is large, and distinguished for intelligence
and industry, and their opposition to slave labor,
and for which, by recent events, they have been
severely punished. The active hostility of Indians
upon this frontier so many years, has been
the means of inuring the settlers to privations
and dangers, and creating a roving and daring
class of men known as Texas Rangers. As it is
generally supposed an American is born a soldier,
so, in this section, every man is, by inheritance,
a Texas Ranger. With his horse, rifle, and powder-horn,
and ten days' subsistence in his saddlebags,
lie takes the field, confident of success. The
Ranger of the present day, however, is but an
imitator of those brave and resolute men, the
pioneers of Texas, now extinctk Witilin the
State there is a secret association, lnown as the
"K. G. Cs. "
Knights of the Golden Circle.
The headquarters are in San Antonio. In every
county there is a place of assemblage called the
Castle. Generals, colonels, majors, and captains
are assigned to the various stations. Meetings
are called, by orders from headquarters, and the
utmost promptness and system distinguish their
proceedings. The initiation fee is one dollar:
five degrees are conferred -divulging the designs
of the order costing thirty dollars. The funds
are placed in the hands of a treasurer, and applied,
under the direction of a select committee, to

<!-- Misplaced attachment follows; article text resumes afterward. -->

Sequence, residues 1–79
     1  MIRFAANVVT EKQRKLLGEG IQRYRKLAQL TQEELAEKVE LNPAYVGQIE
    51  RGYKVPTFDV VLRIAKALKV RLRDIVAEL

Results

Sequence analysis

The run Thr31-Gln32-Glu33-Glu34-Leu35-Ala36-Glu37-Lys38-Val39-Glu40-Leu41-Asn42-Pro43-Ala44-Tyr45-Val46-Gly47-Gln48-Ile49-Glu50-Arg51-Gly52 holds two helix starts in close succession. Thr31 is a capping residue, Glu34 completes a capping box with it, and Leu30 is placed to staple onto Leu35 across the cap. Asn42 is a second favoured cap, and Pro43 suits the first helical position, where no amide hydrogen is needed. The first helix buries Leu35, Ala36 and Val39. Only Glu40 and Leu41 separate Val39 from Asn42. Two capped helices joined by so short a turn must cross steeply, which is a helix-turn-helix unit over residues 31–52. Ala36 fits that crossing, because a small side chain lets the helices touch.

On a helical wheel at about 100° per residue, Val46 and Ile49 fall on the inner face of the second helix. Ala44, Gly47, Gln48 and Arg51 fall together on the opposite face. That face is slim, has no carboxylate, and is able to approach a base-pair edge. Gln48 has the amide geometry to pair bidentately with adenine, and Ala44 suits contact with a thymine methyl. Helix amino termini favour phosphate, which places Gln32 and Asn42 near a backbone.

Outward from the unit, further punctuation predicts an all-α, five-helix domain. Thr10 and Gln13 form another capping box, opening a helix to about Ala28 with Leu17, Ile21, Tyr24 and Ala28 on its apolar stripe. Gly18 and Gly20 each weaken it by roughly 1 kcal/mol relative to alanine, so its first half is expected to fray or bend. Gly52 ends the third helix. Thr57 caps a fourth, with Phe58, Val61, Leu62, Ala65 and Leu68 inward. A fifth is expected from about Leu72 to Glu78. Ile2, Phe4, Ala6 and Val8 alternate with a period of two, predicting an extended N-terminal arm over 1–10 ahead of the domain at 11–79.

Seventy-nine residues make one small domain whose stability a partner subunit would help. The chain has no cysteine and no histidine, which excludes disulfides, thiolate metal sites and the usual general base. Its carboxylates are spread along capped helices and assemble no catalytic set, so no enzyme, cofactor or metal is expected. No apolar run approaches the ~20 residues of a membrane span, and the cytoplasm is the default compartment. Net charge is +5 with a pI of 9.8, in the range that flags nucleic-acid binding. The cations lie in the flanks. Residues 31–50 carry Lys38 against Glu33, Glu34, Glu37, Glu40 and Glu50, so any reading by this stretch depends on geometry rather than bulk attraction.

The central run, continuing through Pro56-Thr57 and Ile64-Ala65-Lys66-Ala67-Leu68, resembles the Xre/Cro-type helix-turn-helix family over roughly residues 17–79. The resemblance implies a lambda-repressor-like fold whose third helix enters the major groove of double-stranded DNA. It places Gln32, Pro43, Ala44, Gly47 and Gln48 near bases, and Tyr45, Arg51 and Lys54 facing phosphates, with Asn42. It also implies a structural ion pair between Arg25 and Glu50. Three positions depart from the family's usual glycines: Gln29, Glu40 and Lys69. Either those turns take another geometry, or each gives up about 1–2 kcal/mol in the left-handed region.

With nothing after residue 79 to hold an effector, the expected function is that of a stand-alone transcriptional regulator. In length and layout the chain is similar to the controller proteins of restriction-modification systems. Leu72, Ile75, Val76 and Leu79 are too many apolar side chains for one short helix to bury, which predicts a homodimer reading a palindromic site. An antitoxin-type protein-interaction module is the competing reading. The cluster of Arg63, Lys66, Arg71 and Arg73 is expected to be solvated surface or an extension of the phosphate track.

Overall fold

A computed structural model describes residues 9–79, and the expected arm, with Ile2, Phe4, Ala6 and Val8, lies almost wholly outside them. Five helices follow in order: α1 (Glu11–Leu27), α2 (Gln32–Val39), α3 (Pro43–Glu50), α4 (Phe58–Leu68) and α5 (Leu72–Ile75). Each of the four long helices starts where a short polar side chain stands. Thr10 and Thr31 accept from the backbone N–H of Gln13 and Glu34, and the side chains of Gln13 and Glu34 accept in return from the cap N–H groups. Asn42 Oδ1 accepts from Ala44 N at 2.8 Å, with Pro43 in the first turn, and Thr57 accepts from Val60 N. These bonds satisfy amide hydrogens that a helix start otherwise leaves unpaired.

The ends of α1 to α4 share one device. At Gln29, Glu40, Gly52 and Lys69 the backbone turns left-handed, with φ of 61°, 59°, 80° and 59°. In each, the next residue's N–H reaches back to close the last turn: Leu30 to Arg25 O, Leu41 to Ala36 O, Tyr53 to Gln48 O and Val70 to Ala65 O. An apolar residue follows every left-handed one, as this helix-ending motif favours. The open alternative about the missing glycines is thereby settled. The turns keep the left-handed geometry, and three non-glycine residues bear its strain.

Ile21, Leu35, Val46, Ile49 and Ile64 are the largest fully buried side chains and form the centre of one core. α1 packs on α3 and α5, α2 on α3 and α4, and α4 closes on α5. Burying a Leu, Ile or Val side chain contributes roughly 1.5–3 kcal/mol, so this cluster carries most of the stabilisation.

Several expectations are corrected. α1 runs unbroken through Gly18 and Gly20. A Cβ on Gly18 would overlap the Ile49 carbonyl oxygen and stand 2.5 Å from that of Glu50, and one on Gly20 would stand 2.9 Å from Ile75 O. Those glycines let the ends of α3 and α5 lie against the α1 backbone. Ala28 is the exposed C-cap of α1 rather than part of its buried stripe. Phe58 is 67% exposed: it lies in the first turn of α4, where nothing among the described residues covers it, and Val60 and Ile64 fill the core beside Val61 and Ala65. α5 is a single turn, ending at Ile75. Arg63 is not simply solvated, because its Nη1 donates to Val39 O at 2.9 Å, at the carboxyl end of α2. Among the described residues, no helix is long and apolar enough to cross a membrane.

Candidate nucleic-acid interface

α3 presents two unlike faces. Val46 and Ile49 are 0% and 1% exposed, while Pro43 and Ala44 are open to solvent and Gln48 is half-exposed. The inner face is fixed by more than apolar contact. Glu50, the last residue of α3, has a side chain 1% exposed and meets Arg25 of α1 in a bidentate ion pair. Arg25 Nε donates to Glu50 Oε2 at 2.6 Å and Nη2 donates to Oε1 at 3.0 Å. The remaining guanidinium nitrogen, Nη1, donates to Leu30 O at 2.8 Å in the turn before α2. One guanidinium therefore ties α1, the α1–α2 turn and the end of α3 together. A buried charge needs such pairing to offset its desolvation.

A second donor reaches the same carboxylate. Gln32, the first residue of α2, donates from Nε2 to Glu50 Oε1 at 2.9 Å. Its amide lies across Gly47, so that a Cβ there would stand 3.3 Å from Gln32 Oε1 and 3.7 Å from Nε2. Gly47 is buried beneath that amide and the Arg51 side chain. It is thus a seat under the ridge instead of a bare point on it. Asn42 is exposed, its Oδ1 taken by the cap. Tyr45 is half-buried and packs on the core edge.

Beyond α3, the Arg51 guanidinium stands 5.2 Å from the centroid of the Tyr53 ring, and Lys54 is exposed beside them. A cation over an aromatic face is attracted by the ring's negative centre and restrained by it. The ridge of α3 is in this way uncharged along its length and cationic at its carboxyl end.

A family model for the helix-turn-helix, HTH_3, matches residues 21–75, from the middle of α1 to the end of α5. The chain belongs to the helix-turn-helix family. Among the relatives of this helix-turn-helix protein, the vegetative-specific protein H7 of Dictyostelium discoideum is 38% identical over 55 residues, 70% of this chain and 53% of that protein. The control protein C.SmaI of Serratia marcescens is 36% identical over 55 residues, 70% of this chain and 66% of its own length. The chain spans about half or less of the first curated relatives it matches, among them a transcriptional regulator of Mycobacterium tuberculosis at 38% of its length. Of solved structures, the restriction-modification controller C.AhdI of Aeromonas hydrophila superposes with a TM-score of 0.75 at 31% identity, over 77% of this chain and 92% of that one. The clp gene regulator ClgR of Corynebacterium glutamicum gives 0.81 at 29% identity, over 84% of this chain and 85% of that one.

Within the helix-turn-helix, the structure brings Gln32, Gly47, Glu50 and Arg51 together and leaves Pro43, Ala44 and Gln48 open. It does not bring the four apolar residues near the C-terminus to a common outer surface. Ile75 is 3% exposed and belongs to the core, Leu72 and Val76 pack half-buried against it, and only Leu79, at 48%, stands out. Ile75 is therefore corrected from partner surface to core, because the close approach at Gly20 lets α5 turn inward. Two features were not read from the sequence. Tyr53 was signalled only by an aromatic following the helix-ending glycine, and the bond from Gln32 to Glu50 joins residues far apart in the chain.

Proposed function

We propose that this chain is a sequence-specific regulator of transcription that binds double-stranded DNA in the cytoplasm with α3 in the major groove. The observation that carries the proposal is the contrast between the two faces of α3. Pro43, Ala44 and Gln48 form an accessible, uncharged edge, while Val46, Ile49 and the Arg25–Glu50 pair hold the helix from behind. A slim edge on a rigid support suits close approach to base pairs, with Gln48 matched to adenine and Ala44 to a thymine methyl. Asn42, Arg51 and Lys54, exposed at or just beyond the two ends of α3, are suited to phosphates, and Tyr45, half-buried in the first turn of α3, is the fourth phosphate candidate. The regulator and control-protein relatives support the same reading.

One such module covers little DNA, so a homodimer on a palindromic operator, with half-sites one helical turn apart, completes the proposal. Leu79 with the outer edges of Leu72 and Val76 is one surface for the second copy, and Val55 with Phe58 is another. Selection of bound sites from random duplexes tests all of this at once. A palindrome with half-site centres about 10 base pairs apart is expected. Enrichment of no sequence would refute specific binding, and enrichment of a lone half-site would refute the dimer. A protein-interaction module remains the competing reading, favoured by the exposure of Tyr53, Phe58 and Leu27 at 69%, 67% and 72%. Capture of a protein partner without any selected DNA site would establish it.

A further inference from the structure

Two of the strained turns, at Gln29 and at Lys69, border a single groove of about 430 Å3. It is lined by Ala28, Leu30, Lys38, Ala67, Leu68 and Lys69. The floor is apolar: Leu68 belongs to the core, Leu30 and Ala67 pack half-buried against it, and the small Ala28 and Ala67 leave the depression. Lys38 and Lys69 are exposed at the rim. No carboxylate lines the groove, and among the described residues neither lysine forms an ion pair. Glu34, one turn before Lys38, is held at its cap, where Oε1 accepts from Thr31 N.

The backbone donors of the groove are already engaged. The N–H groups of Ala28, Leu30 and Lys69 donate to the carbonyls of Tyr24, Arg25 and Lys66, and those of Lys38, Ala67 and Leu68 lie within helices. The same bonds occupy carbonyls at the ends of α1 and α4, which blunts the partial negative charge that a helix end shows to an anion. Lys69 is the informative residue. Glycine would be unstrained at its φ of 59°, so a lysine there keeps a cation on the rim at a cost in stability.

the purchase of arms, accoutrements, and ammunition.
It is estimated, by competent authority,
that eight thousand men can be brought into the
field at four days' notice, well equipped. With
this display of force, and the harmony and secrecy
distinguishing the order, they hold in subjection
the sentiments and conduct of the entire
population of the State. At the Castles reports
are made in regard to individuals, their conduct
and opinions, and transmitted, for final action and
investigation, to the headquarters.*
The cordon of military posts along the frontier
of Texas, was established in the month of March,
1849. To sustain these there has been expended,
annually, within the State, from one million six
hundred thousand to two millions four hundred
thousand dollars. The line extends from Red River
to the Rio Grande, thence down the river to Fort
Brown, opposite the Mexican town of Matamoras.
The distance is about fourteen hundred miles.
Forts Worth, Cobb, Cooper, Chadbourne, Belknap,
McKevitt, Bliss, Quitman, Lancaster, Stockton,
Hudson, Clarke, Duncan, McIntosh, Ringgold,
and Camp Verde, are the most important positions,
at which are stationed from fifty to one
hundred and fifty men, artillery, cavalry, and infantry.
In the vicinity, are detached camps, designed
to intercept Indian war parties, going to
and from Mexico, and from the settlements. Snm
Antonio is the headquarters of the department,
as well as the general depot of supplies. The
nearest port to San Antonio is Camp Verde, sixty-five
miles; the most distant, Fort Bliss, six
* The object of this Institution is the protection and extension
of slavery.

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Sprague, John Titcomb. The treachery in Texas, the secession of Texas, and the arrest of the United States officers and soldiers serving in Texas. Read before the New-York Historical Society, June 25, 1861. By Major J. T. Sprague, U. S. A., book, 1862; New York. ( accessed August 19, 2017), University of North Texas Libraries, The Portal to Texas History,; .